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Who Should Have a Heart CT?

ACR Gold SealA heart CT for calcium scoring should be considered if you:

  • Are at least 35 years old
  • Are not currently being treated for heart disease
  • Do not have a pacemaker
  • Have at least two of these risk factors:
    • High cholesterol levels
    • High blood pressure
    • Family history of heart disease
    • Diabetes
    • History of cigarette smoking
    • Obesity
    • Physical inactivity

Low-Dose CT Lung Scan

If you're a smoker or former smoker age 55 or over, our low-dose CT lung scan could be a lifesaver. Lung cancer often displays obvious symptoms until it reaches an advanced stage. This simple screening can detect lung cancer early, when treatment is most effective. Ask your doctor if a low-dose CT lung scan is right for you. Learn more.

Learn more about Low-Dose CT Lung Scan

Nuclear Medicine

With a brand new nuclear medicine camera, patients are provided the opportunity for an accurate diagnosis with comfort and peace-of-mind. Features of the new camera allow for patient comfort, excellent image quality and shorter exam times.

Mammography & Ultrasound

The mammography and ultrasound department is staff with two nurses with with 40 years of combined experience.

Equipped with state-of-the-art equipment.

  • Unprecedented image quality and sensitivity,
  • Earlier detection and treatment for our patients.

Click the button below for access to a breast health assessment. Answer a few questions to determine your level of risk for breast cancer.


CT Scans

CT is used to diagnose a number of different medical conditions such as strokes, fractures, or tumors that may not have been seen by other routine studies. Bolivar Medical Center uses 64-slice CT Scanner technology, which images cross-sectional slices of the body, creating an exceptionally clear, detailed picture.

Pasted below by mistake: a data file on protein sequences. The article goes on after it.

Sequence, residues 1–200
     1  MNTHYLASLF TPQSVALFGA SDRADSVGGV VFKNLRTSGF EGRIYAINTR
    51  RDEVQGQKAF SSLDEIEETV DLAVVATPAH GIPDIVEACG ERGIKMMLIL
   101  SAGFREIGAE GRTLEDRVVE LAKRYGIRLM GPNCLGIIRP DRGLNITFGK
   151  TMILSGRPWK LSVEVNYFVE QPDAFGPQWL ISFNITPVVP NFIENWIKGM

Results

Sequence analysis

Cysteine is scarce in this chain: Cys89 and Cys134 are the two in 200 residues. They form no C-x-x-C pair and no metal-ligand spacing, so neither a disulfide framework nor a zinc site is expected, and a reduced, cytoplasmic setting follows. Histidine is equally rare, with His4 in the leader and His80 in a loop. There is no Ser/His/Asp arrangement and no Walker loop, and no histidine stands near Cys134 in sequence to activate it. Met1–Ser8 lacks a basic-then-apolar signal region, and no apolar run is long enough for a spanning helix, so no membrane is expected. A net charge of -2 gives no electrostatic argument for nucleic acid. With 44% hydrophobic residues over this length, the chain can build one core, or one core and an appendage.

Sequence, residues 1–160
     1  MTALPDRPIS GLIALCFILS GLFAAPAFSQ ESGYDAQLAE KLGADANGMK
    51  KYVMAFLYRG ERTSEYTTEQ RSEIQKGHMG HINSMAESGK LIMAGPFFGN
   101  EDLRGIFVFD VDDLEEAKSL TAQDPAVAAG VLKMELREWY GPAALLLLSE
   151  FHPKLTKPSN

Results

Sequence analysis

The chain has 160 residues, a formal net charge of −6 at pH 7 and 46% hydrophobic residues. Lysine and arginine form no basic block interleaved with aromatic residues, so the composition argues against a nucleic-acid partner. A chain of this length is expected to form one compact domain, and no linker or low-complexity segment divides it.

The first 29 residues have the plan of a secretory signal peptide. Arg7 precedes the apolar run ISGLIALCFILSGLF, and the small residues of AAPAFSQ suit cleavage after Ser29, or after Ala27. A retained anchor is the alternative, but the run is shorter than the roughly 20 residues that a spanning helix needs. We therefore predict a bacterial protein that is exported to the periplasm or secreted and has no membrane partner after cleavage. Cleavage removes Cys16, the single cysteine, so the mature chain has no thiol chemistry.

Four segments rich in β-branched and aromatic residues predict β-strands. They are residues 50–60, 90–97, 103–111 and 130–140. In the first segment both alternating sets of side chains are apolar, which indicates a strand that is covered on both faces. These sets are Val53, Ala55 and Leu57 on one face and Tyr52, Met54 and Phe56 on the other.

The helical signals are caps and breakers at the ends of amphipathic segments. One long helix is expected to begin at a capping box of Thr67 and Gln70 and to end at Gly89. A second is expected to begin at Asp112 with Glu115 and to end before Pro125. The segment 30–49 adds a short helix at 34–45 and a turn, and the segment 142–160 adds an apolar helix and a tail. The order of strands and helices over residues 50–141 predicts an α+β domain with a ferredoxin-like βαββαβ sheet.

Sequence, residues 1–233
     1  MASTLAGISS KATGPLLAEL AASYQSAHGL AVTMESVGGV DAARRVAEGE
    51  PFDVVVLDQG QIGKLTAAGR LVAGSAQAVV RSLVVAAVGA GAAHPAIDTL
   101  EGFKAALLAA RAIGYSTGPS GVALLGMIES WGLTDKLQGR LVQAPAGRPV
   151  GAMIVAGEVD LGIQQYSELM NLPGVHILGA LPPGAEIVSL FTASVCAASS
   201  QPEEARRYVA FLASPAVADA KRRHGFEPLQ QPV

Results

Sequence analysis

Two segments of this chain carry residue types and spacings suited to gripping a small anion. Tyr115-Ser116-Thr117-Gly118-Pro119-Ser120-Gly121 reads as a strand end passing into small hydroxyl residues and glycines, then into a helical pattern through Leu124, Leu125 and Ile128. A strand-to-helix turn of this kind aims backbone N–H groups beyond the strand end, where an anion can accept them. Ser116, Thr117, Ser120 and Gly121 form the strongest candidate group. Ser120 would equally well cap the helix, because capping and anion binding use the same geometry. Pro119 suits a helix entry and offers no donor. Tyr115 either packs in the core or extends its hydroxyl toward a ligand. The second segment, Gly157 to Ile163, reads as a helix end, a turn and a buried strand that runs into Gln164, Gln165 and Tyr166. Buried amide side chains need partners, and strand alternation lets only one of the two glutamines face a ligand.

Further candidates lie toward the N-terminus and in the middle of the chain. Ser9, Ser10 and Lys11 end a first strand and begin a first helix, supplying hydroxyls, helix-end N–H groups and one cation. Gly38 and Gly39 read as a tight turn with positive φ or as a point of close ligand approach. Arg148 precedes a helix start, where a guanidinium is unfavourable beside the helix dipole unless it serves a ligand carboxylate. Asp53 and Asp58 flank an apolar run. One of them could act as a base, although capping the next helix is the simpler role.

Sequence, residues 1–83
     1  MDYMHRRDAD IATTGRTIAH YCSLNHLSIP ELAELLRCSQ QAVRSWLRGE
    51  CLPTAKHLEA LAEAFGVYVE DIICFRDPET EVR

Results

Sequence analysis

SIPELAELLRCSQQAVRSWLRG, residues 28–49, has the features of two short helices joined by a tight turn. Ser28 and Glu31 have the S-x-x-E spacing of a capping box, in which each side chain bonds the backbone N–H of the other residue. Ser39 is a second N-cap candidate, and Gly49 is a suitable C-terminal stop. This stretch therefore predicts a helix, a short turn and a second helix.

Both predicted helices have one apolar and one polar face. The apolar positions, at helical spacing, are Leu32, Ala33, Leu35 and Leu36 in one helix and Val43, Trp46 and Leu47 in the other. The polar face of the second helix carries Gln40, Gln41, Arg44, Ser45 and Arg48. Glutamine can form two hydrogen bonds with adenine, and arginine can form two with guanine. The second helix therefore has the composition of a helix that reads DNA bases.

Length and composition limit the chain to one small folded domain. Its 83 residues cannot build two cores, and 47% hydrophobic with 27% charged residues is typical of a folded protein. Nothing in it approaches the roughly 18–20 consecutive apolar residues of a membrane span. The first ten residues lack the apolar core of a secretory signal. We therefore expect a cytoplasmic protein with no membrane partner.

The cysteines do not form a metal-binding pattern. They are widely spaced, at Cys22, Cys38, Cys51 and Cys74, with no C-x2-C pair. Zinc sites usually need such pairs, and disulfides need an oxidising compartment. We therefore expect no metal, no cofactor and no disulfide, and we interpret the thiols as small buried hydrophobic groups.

MRI, or magnetic resonance imaging

Bolivar Medical Center uses technology to "see" inside the body in order for doctors to find certain diseases or abnormal conditions. MRI does not rely on the type of radiation (i.e., ionizing radiation) used for an x-ray or computed tomography (CT) scan. The MRI examination requires specialized equipment that uses a powerful, constant magnetic field, rapidly changing local magnetic fields, radio-frequency energy, and dedicated equipment including a powerful computer to create very clear pictures of internal body structures.

During the MRI examination, the patient is placed within the MR system or "scanner." The powerful, constant magnetic field aligns a tiny fraction of subatomic particles called protons that are present in most of the body's tissues. Radio-frequency energy is applied to cause these protons to produce signals that are picked by a receiver within the scanner. The signals are specially characterized using the rapidly changing, local magnetic field and computer-processed to produce images of the body part of interest.

What is MRI used for?

MRI has become the preferred procedure for diagnosing a large number of potential problems in many different parts of the body. In general, MRI creates pictures that can show differences between healthy and unhealthy tissue. Doctors use MRI to examine the brain, spine, joints (e.g., knee, shoulder, wrist, and ankle), abdomen, pelvic region, breast, blood vessels, heart and other body parts.

How safe is MRI?

To date, over 150 million patients have had MRI examinations. Every year, approximately 10 million patients undergo MRI procedures. MRI has been shown to be extremely safe as long as proper safety precautions are taken. In general, the MRI procedure produces no pain and causes no known short-term or long-term tissue damage of any kind.